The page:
35 years ago, Congress passed the Medical Device Amendments of 1976 which established the framework of the current FDA regulatory system. This set of laws included one commonly known today as the 510(k) process. This 510(k) process allows medical devices, from tongue depressors to pacemakers to artificial hips, to be cleared for sale in the United States if the manufacturer shows that it is substantially similar to any device already on the market.
Recently, it has become clear that many medical devices cleared through the 510(k) process are essentially untested before being sold and then later are found to be defective and unsafe. The Brandi Law Blog has has discussed this matter before:
Government Accountability Office Criticizes FDA Fastrack Process
78% of Recalled Medical Devices were Approved by the FDA’s Fasttrack Process
A Loophole Allowed the DePuy Hip to be FDA Approved Without Testing
In July 2011, the Institute of Medicine of the National Academies (IOM) published a report discussing the 510(k) process and whether or not is should be revised. The IOM is an independent nonprofit organization established in 1970 with the mission to serve as adviser to the nation to improve health. In its report, the IOM came to some concerning conclusions:
- The 510(k) clearance is not a determination that the device is safe or effective.
- The 510(k) clearance process is not reliable to screen devices for their safety and effectiveness.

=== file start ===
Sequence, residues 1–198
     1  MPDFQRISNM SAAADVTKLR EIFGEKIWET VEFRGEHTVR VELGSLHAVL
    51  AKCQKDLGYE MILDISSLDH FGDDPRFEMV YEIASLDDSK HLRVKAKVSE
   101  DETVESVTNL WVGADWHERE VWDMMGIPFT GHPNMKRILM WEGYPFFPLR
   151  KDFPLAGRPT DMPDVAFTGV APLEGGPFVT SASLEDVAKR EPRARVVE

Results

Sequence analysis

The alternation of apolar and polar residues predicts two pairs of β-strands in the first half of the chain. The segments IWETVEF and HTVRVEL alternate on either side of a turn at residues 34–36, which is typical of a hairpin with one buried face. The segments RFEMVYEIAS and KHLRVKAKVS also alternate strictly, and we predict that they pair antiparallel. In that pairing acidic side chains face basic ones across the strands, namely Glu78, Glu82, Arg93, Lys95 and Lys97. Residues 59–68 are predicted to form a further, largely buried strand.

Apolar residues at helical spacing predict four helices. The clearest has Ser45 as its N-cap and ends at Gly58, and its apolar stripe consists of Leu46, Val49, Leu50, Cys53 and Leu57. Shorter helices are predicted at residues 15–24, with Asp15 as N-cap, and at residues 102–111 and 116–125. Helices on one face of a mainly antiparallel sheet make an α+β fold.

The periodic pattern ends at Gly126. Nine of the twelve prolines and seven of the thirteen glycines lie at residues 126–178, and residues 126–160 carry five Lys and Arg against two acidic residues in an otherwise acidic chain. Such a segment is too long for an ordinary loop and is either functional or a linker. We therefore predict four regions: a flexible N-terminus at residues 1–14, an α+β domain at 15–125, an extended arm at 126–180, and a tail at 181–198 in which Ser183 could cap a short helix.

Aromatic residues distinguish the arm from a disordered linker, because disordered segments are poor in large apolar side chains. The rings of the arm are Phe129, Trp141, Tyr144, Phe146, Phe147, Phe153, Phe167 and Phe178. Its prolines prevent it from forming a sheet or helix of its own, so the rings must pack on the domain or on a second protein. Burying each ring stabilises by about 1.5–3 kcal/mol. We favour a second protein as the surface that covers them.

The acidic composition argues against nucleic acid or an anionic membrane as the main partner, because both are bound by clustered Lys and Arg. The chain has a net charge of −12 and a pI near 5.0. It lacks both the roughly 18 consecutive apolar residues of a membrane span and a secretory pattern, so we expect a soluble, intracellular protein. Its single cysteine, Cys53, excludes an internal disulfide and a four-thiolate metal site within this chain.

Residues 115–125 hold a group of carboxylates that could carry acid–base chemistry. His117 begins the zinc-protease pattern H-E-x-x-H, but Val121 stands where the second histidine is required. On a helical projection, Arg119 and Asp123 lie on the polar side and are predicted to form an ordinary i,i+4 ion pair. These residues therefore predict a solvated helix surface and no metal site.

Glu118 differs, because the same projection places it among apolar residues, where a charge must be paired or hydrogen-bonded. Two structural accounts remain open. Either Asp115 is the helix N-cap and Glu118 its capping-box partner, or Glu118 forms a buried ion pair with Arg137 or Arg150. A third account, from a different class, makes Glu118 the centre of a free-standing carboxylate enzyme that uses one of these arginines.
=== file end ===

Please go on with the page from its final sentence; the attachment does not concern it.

- The 510(k) process is flawed based on its legislative foundation and unfixable.
- Rather than trying to fix the 510(k) process, the FDA should develop a new program that would provide a reasonable assurance of safety and effectiveness of medical devices.
Click here to read the entire IOM report – Medical Devices and the Public’s Health: the FDA 510(k) Clearance Process at 35 Years
On August 10, 2011, the New England Journal of Medicine published an article discussing this topic as well, linking the 510(k) process to the current issues with the DePuy ASR XL artificial hip. In that article, the Journal applauds the IOM’s findings and supports its recommendation that the 510(k) process be replaced with one that evaluates the safety and effectiveness of medical devices before they hit the market. Unfortunately, it appears that the FDA does not intend to implement the suggestions of the IOM to fix this process.
Click here to read the entire New England Journal of Medicine Article: Medical Devices – Balancing Regulation and Innovation
Depuy ASR Hip Replacement Linked To Metal Toxicity and Additional Surgery
If you or a loved one has a DePuy hip, please click here to learn more about the Brandi Law Firm DePuy Attorneys.